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Catholic Church covered up child abuse by 300 US priests: report

Pennsylvania grand jury details decades of abuse of more than 1,000 children by hundreds of accused priests in the state.

Pennsylvania Attorney General Josh Shapiro

More than 1,000 children - and possibly many more - were molested by hundreds of Roman Catholic priests in six dioceses in the US state of Pennsylvania, while senior church officials took steps to cover it up, according to a landmark grand jury report released on Tuesday.

The grand jury said it believes the real number of abused children might be in the thousands since some records were lost and victims were afraid to come forward. The report said more than 300 clergy committed the abuse over a period decades, beginning in the mid-1950s.

Pennsylvania Attorney General Josh Shapiro said the two-year probe found a systematic cover-up by senior church officials in Pennsylvania and at the Vatican.

"The cover-up was sophisticated. And all the while, shockingly, church leadership kept records of the abuse and the cover-up. These documents, from the dioceses' own 'Secret Archives,' formed the backbone of this investigation," he said at a news conference in the city of Harrisburg.

The report faulted Cardinal Donald Wuerl, the former longtime bishop of Pittsburgh who now leads the Washington archdiocese, for what it said was his part in the concealment of clergy sexual abuse. Wuerl, one of the highest-profile cardinals in the United States, released a statement Tuesday that said he had "acted with diligence, with concern for the victims and to prevent future acts of abuse".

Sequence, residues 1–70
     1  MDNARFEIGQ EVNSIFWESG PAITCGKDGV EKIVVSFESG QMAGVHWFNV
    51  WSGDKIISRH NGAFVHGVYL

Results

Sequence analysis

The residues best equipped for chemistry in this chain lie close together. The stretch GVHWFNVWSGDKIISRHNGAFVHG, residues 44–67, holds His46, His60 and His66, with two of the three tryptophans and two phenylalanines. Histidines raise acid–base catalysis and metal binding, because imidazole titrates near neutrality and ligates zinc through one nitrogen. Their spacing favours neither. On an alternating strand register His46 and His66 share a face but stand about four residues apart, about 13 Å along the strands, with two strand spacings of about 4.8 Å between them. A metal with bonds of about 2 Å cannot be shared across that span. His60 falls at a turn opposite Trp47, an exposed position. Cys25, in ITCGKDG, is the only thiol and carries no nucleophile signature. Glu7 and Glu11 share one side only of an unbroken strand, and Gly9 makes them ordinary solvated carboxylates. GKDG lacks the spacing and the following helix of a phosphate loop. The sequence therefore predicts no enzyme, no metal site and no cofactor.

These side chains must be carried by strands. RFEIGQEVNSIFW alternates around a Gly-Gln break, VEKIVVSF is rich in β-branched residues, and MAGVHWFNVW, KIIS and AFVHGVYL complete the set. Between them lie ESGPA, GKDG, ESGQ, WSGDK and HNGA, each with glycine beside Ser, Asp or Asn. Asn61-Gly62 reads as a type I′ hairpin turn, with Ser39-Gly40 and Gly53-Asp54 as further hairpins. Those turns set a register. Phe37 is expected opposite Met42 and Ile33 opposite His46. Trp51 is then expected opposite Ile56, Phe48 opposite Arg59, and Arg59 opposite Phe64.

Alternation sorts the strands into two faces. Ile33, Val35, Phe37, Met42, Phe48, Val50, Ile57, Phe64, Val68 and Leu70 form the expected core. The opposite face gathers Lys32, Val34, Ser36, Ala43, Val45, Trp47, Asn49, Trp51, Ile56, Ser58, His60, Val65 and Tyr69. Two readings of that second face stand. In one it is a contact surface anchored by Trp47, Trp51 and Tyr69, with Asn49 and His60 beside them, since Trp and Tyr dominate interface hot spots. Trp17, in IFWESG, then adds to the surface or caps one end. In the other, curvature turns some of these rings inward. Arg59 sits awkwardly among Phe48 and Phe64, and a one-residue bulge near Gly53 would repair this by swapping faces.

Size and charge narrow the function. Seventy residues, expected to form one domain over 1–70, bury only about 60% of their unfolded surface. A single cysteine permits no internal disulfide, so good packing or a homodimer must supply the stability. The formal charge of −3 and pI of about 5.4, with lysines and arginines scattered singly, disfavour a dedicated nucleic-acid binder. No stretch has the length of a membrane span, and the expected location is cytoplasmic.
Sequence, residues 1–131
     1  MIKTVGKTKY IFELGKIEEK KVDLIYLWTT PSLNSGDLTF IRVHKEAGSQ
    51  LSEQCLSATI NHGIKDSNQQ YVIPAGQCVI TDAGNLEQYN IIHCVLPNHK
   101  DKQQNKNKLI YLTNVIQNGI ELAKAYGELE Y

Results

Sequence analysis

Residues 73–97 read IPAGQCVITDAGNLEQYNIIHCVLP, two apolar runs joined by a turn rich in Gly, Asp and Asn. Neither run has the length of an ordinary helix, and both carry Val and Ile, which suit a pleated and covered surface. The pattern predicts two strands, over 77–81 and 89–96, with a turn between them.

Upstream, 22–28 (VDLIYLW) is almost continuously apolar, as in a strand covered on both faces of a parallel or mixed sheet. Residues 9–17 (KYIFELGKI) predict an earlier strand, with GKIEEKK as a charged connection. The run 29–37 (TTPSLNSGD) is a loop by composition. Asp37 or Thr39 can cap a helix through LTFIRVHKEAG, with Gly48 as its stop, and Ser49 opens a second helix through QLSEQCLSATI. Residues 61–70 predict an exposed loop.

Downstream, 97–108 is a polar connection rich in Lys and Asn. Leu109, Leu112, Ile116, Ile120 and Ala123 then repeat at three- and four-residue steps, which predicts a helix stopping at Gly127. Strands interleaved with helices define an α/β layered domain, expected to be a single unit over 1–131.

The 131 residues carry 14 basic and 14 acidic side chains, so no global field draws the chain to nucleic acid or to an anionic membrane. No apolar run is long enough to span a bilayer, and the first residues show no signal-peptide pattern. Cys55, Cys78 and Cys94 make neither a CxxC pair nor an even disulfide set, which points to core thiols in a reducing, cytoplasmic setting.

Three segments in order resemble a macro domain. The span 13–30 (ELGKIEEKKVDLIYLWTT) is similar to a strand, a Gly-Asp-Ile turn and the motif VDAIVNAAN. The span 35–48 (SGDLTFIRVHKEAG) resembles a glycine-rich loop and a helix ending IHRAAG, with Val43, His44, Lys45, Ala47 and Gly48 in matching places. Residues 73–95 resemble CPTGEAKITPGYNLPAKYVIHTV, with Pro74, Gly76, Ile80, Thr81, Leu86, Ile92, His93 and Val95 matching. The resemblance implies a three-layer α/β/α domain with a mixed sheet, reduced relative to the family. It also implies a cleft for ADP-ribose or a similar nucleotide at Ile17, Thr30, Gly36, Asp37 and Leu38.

The grand jury scrutinised abuse allegations in dioceses that minister to more than half the state's 3.2 million Catholics. Its report echoed the findings of many earlier church investigations around the country in its description of widespread sexual abuse by clergy and church officials' concealment of it.

'Shocking'


READ MORE: Pope accepts US cardinal's resignation after sex abuse claims


Most of the abuse survivors were boys, but girls were abused too, the report said. The abuse ranged from groping and masturbation to anal, oral and vaginal rape.

"Church officials routinely and purposefully described the abuse as horseplay and wrestling ... It was none of those things. It was child sexual abuse, including rape," Shapiro said.

He also said that one priest had molested five sisters in one family. The diocese settled with the family after requiring a confidentiality agreement, according to Shapiro. 

“Church officials routinely and purposefully described the abuse as horseplay and wrestling ... It was none of those things. It was child sexual abuse, including rape.“

Josh Shapiro, Pennsylvania Attorney General

The attorney general said that Catholic bishops covered up child sexual abuse by priests and reassigned them repeatedly to different parishes. "They allowed priests to remain active for as long as 40 years," he said.

"Children were taught that this abuse was not only normal but that it was holy."

Crimes too old to prosecute